KENYA – A millers’ lobby has said its members have cut back production to 39 per cent of capacity as maize shortage bites, pushing up unit cost of production.
Cereal Millers Association (CMA) chairman Nick Hutchinson said maize supply has remained unstable in the market, causing flour prices to go up by about Sh15 in the last three months.
Mr Hutchinson said members who currently hold just 500,000 bags — enough to last just for seven days — are banking on the new harvest from Tanzania.
“The limited stock coming in from Tanzania has helped to keep the prices of flour where they are, but in the event something happens and we don’t get that maize, then the cost will definitely go up,” he said.
The prices of a two-kilogramme packet of maize has been rising in the last two months with all the major brands retailing at above Sh100, piling pressure on a majority of households that rely on the commodity as their staple food.
A two-kilogramme packet of Jogoo is selling at Sh110, Pembe Sh101, Soko 101 and Hostess Sh147 in supermarkets. Millers said the cost will continue going up until they get enough stocks.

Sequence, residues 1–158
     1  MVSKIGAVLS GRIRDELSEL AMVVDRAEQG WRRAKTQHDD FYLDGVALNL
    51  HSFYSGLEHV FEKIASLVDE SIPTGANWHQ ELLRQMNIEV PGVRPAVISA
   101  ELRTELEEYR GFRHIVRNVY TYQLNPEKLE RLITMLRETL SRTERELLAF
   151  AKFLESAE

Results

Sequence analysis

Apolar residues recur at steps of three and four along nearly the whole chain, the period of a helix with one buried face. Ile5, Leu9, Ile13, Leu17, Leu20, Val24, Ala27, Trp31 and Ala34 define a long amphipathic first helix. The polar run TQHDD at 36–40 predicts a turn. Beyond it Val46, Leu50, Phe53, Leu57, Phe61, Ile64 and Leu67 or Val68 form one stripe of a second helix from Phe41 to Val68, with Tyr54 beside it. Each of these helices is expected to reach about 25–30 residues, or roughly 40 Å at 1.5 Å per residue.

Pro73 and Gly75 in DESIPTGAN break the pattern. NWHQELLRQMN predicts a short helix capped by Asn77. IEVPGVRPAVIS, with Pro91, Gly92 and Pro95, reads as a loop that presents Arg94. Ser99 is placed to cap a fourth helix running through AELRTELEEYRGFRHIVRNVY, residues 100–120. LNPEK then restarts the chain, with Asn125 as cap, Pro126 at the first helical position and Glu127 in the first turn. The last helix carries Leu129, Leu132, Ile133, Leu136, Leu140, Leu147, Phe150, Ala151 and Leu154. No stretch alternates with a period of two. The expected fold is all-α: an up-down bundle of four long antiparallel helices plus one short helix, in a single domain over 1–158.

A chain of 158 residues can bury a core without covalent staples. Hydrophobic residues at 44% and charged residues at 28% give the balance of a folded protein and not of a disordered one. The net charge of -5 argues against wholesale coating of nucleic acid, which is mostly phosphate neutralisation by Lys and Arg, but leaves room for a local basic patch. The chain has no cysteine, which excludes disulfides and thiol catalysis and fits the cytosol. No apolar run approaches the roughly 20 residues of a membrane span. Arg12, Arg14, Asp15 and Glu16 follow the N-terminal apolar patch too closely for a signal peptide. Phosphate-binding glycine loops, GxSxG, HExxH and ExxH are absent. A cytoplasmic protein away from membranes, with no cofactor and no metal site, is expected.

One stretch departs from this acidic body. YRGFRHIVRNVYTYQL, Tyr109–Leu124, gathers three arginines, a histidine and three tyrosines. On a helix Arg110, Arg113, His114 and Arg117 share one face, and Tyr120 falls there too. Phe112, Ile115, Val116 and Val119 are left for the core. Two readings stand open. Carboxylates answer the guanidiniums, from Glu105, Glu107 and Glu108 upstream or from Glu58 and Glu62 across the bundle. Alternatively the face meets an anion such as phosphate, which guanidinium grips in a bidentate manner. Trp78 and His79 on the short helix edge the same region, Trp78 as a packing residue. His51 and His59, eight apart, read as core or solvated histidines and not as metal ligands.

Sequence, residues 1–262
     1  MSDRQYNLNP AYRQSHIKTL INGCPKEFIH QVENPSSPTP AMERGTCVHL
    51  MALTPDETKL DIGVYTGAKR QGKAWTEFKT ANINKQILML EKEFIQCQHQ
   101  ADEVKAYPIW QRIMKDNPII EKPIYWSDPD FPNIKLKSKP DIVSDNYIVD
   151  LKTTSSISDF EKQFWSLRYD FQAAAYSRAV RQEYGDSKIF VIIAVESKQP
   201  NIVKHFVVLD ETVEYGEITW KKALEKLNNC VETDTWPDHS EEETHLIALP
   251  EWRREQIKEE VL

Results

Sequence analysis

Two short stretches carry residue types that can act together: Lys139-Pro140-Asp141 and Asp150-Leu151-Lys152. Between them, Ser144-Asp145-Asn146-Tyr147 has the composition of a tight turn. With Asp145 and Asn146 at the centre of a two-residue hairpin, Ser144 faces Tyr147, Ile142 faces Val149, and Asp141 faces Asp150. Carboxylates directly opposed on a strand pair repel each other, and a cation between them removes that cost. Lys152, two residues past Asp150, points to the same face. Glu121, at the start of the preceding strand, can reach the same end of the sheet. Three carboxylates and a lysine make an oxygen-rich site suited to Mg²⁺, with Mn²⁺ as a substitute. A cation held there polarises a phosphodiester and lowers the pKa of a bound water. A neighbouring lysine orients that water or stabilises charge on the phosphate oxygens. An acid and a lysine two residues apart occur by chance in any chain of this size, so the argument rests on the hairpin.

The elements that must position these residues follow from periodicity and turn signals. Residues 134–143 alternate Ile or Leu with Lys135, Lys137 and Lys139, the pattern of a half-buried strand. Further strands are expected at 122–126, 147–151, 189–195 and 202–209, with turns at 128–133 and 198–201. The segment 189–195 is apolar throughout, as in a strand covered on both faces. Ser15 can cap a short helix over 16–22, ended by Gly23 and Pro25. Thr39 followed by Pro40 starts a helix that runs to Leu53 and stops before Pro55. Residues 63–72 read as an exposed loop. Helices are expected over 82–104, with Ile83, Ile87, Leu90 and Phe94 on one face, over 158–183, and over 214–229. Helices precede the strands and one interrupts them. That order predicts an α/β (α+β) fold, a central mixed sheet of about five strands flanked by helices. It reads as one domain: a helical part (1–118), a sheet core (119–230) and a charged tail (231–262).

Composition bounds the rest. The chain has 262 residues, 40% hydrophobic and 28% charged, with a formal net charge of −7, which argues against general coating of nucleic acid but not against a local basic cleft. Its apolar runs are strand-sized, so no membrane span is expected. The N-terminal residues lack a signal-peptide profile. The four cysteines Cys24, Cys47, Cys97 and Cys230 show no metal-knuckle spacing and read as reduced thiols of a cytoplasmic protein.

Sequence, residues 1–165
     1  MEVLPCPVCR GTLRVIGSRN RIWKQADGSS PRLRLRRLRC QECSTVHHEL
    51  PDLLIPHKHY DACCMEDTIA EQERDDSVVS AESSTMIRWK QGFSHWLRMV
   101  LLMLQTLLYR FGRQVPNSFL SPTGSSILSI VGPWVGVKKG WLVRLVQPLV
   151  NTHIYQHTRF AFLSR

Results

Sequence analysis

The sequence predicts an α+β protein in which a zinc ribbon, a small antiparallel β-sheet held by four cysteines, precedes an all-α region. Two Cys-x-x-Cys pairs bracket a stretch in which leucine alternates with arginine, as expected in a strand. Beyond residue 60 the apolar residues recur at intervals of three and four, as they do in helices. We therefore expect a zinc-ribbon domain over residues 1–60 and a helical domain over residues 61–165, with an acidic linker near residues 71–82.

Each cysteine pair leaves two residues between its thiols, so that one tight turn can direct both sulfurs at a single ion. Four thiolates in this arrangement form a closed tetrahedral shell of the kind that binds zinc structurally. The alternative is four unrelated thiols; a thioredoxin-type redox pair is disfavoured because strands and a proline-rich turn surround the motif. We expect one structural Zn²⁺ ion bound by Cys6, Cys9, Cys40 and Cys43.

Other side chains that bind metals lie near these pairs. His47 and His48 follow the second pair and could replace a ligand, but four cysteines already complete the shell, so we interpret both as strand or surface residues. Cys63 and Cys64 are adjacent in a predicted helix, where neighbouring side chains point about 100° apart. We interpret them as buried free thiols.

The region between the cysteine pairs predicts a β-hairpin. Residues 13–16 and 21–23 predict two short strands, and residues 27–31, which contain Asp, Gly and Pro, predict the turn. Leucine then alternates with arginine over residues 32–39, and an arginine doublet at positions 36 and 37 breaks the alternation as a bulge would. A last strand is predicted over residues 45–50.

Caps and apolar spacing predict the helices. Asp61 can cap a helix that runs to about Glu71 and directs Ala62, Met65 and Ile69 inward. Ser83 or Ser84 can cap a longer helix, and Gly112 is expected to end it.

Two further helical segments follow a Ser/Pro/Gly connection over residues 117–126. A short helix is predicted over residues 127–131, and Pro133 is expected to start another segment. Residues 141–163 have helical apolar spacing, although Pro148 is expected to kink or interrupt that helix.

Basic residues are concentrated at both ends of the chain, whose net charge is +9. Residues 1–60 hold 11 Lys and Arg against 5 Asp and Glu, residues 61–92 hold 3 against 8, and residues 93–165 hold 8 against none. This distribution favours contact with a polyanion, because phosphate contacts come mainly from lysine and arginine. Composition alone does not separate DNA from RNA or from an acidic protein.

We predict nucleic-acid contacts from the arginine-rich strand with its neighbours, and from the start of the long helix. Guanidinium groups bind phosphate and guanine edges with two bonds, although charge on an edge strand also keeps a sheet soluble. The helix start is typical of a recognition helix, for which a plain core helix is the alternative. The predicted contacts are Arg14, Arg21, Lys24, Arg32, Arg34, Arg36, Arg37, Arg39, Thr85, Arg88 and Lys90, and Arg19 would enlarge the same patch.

Last week, however, the government accused millers of manipulating flour prices citing a recent food security report that indicates the country has enough stocks to last for the next three months.
The food security report for the month of April shows that there was 10 million bags of maize in the country as at the end of last month.
According to the report, traders are holding 2,472,830 bags, Millers 442,710 bags, and National Cereals and Produce Board is having 2,778,760 bags.
Food Balance Sheet estimates for the main staple food maize, beans, wheat and rice projected up to August 31, shows surpluses, and sufficient stocks to meet national requirements, according to the report.
Kenya mainly depends on imports from Uganda and Tanzania to bridge the deficit of 20 million bags annually.
The cost of food and oil are major drivers of inflation as they play a significant role in determining the cost of living.
The Kenya National Bureau of Statistics data shows that inflation eased to 5.27 per cent in April from 6.45 per cent a month earlier on low food and oil prices.
CMA have denied the claims saying the price of flour is informed by the market forces of demand and supply and that millers have never had a hand in fixing the cost.